German technology company MYNXG has developed a blockchain technology to enable mobile phone tracking during the coronavirus pandemic while maintaining user privacy.
The issue of whether governments should be permitted to track individuals using smartphone data during the pandemic has been hotly debated, as although it could be useful in tracking population movement to monitor the efficacy of social distancing measures and chart the spread of the virus. However, it brings with it concerns about privacy.
On Friday, the Information Commissioner’s Office (ICO) said that the use of anonymous mobile phone tracking data for “location data trend analysis” for public health purposes by the UK government would not breach privacy laws. According to The Register, Israel, Taiwan, Singapore and Hong Kong have already begun using mobile phone data to track those with Covid-19.
Blockchain-based coronavirus tracking
MYNXG has developed an app to enable users to connect their smartphone to the MYNXG blockchain using a NFC (Near Field Communications) reader. This technology provides privacy when monitoring individual movements or alerting people if there is an infection in their contact chain.
Once a user has connected their smartphone to the MYNXG blockchain, it is possible to unlock a number of insights. Firstly, governments and medical professionals can carry out coronavirus tracking and gain insights into how the pandemic may be spreading, while the MYNXG blockchain ensures that an individual’s data is secure and no personal information is shared.
“This technology is revolutionary and years ahead of anything else,” said Bernd Moeller, founder and CEO of MYNXG.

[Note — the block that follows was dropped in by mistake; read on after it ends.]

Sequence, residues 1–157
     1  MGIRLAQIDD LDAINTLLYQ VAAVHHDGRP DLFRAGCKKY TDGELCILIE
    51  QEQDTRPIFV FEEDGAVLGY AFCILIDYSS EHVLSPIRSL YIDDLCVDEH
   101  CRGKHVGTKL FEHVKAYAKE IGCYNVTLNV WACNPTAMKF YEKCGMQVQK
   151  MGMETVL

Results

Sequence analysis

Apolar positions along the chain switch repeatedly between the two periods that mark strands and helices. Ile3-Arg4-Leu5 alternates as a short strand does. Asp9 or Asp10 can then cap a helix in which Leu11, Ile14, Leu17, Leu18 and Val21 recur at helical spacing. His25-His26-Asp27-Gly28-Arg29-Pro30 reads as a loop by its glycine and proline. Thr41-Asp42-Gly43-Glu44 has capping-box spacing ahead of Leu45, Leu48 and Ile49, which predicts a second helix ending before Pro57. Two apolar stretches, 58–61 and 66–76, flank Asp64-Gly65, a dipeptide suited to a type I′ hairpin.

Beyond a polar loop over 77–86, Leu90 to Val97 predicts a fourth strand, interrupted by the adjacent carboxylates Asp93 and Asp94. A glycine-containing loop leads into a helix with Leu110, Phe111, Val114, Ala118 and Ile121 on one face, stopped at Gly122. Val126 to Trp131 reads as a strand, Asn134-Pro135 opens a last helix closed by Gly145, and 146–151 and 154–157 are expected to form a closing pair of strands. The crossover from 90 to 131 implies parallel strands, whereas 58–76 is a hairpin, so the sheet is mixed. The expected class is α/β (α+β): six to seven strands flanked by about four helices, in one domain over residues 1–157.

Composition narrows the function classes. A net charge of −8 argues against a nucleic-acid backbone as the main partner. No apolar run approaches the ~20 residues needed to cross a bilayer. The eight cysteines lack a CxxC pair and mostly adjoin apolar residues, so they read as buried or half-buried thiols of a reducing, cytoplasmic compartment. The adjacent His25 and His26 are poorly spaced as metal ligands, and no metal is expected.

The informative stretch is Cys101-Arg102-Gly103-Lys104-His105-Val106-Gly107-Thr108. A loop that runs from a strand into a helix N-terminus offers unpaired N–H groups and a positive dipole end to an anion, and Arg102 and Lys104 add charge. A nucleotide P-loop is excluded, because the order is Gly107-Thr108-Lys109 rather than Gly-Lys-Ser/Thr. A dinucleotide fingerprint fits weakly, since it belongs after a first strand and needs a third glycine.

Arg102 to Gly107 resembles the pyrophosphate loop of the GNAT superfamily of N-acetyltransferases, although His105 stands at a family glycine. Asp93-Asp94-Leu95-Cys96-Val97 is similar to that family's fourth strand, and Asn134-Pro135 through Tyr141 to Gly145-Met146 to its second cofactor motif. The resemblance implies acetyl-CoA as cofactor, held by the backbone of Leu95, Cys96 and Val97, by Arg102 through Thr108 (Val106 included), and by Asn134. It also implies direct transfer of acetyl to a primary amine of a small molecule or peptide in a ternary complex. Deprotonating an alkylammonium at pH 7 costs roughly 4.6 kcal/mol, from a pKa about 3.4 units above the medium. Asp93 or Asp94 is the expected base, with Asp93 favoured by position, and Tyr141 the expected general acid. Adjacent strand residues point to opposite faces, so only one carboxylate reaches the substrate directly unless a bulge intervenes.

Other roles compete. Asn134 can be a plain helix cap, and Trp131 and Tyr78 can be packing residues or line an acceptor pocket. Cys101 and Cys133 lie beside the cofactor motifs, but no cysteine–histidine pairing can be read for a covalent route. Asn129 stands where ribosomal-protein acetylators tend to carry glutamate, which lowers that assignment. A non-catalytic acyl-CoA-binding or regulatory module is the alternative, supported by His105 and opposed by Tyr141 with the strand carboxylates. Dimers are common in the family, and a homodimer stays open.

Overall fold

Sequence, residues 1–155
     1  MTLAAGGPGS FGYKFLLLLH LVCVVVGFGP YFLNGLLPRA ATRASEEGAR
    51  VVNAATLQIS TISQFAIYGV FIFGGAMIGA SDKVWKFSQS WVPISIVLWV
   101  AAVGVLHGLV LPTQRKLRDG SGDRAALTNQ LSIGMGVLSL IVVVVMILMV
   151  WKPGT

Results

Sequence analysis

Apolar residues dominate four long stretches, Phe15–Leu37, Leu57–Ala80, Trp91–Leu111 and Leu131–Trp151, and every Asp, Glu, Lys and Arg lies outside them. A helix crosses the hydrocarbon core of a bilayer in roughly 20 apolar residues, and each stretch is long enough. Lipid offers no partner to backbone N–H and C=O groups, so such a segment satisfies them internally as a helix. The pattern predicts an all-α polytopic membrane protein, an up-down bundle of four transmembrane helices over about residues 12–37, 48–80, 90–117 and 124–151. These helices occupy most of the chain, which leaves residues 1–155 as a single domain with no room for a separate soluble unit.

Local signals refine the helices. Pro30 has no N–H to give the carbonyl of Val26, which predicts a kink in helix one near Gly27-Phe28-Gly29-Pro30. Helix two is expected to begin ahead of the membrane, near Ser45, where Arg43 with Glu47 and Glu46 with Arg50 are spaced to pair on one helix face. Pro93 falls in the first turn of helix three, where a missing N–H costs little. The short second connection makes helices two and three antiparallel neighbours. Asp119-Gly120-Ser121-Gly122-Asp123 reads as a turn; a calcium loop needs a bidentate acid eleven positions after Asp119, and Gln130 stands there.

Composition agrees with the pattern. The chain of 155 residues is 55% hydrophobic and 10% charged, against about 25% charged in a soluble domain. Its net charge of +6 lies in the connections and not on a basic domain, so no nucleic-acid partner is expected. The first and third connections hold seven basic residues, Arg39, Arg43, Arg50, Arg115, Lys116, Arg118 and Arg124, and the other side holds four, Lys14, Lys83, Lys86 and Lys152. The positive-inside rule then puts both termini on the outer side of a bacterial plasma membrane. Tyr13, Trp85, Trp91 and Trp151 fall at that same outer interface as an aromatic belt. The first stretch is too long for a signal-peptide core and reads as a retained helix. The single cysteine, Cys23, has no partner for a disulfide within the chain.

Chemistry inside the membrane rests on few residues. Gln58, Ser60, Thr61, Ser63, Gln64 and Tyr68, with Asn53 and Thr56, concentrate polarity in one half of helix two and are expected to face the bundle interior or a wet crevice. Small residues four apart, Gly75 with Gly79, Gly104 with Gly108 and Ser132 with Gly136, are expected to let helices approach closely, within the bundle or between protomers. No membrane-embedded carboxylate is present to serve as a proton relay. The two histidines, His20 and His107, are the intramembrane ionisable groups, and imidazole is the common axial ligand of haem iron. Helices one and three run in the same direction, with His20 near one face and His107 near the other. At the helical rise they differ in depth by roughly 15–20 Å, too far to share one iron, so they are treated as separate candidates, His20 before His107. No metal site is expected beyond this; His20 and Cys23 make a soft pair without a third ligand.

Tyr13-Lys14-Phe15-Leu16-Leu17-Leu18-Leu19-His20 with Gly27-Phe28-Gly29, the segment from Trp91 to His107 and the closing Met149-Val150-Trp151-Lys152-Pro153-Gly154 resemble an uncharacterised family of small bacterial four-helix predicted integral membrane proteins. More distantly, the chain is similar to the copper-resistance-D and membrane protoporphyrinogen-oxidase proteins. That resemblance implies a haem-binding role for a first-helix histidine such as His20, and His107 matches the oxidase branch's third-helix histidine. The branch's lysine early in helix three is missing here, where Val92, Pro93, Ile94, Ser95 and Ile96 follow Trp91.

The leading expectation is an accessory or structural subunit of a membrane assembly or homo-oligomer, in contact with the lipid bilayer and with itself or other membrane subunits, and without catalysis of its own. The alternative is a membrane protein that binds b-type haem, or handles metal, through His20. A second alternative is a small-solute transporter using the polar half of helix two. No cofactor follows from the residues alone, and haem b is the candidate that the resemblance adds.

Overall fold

“My entire life has been dedicated to developing mobile technology, ranging from smartphone architectures, global 4G standards to secure mobile payments. MYNXG is normally focused on developing industrial solutions, but when the first signs of the Covid-19 pandemic appeared, we checked how we could utilize our technologies to save lives.”
Secondly, the app has been designed to automatically alert users if someone in their recent contact chain has Covid-19. MYNXG also said the technology could also be used establish “pandemic safety zones” for medical professionals, which can only be accessed with necessary approvals.
“Of course, we do understand that you can get detailed movements data through mobile operators but warning people and tracking movements will not be without significant privacy compromises,” said Mirko Schnitzler, CSO of MYNXG.
“With our technology we can create an effective warning and tracking systems without compromising privacy. We will now start working closely with selected governments and NFC infrastructure operators to accelerate the deployment of this critical infrastructure.”